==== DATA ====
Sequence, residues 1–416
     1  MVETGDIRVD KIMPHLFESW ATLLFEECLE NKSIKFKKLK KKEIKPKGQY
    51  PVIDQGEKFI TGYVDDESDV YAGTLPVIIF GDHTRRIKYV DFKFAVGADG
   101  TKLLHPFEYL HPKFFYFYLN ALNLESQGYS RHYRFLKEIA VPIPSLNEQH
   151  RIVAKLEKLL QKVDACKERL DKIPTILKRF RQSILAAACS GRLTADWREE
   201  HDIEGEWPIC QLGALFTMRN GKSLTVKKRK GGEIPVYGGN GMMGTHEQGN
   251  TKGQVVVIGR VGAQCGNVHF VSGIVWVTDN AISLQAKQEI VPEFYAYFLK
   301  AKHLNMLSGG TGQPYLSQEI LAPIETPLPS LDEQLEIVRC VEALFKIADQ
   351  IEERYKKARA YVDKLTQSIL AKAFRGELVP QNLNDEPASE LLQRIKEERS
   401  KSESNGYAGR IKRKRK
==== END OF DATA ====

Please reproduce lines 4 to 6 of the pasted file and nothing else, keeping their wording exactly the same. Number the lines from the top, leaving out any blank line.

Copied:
   101  TKLLHPFEYL HPKFFYFYLN ALNLESQGYS RHYRFLKEIA VPIPSLNEQH
   151  RIVAKLEKLL QKVDACKERL DKIPTILKRF RQSILAAACS GRLTADWREE
   201  HDIEGEWPIC QLGALFTMRN GKSLTVKKRK GGEIPVYGGN GMMGTHEQGN